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DynCorp - Cerberus: Developments in Deal Protection

Publisher: Day Pitney Alert
May 10, 2010

On April 12, 2010, DynCorp International, Inc., announced its purchase by Cerberus Capital Management, LP, in a transaction valued at $1.5 billion, which includes the assumption of debt. The DynCorp - Cerberus agreement contains a number of deal protection terms including a "go-shop" provision, breakup fees, matching rights, fiduciary termination rights and change of recommendation provisions. Certain of these terms are worth examining in light of prevailing market terms and recent Delaware decisions in the deal protection context, including Cerberus' own abandoned acquisition of United Rentals, Inc. 

Go-Shop Provision

Under the terms of the DynCorp - Cerberus agreement, DynCorp may solicit alternative proposals from third parties in a go-shop period lasting for the 28-day period following the signing and may at any time consider alternative unsolicited proposals. Recent Delaware case law regarding go-shop provisions, primarily in private equity deals, addressed go-shop periods of varied length, but which in each case featured a provision providing for a two-tiered breakup fee. In general, an alternative proposal entered into during the go-shop period triggered a lower termination fee than an alternative proposal entered into after the go-shop period. The cases, In re Lear Shareholder Litig.,926 A.2d 94 (Del. Ch. 2007); In re Topps Co. Shareholder Litig., 926 A.2d 58 (Del. Ch. 2007); and Berg v. Ellison, C.A. No. 2949-VCS (Del. Ch. June 12, 2007), focused on (i) the length of the go-shop period and (ii) the trigger for the payment of the lower breakup fee. The lower breakup fee could be triggered if the alternative proposal was received during the go-shop period whether or not signed during or after such period, or the trigger could require that the seller actually execute the alternative proposal within the go-shop period. In Berg, the court suggested strongly that 25 days was too short a go-shop period. In comparison, in Lear, a 45-day go-shop period was deemed too short, if the alternative proposal had to actually sign within that time, because in the court's view that time period was not sufficient to permit all the diligence, negotiation, drafting and other work to be completed. If the provision only required the alternative proposal to be made within the 45-day go-shop period, that was likely to be viewed as an acceptable time period.The DynCorp - Cerberus go-shop clause is relatively short when viewed in the context of these recent court decisions; however, the agreement attempts to ameliorate the abbreviated time period by omitting the two-tiered fee structure, permitting DynCorp to consider alternative unsolicited proposals at any time, without the threat of an increased termination fee.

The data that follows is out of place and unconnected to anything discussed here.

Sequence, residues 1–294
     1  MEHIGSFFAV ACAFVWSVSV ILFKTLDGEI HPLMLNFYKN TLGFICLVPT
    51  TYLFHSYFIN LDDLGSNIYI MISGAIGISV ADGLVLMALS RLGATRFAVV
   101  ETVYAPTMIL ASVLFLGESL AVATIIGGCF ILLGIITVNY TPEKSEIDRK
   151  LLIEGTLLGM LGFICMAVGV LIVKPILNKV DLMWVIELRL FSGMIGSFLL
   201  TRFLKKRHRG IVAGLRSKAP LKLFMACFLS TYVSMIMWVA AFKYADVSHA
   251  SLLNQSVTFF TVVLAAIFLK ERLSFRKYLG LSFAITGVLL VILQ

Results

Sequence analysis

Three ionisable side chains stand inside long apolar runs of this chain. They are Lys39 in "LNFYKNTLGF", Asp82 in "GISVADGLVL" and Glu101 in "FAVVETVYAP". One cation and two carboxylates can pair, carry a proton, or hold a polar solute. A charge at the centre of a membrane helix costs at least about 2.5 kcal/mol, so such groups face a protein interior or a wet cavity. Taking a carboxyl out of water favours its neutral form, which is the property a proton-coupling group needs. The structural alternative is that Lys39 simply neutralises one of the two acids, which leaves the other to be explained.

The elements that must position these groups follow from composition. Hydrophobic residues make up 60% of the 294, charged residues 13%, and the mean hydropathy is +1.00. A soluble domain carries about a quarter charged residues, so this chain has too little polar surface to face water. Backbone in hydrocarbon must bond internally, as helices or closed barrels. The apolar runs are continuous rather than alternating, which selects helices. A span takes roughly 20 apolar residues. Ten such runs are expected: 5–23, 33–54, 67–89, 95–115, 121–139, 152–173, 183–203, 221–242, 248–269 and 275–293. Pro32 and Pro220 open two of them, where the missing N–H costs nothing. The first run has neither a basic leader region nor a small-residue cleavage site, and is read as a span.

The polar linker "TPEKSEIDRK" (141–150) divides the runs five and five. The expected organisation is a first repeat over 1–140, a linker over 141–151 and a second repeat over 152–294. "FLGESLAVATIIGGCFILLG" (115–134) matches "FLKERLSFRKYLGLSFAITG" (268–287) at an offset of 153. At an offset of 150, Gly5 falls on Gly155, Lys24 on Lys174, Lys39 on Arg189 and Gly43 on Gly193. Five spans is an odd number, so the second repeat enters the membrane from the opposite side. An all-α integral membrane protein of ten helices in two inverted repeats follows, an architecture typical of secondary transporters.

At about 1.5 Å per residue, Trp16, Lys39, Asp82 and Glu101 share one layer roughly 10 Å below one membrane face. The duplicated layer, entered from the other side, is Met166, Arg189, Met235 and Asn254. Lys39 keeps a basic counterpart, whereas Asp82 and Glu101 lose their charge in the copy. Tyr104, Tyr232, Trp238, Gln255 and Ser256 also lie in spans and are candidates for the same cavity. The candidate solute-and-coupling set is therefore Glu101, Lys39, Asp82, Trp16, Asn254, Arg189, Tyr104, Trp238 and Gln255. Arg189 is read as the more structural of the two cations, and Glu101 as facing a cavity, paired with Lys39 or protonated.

Termination Fee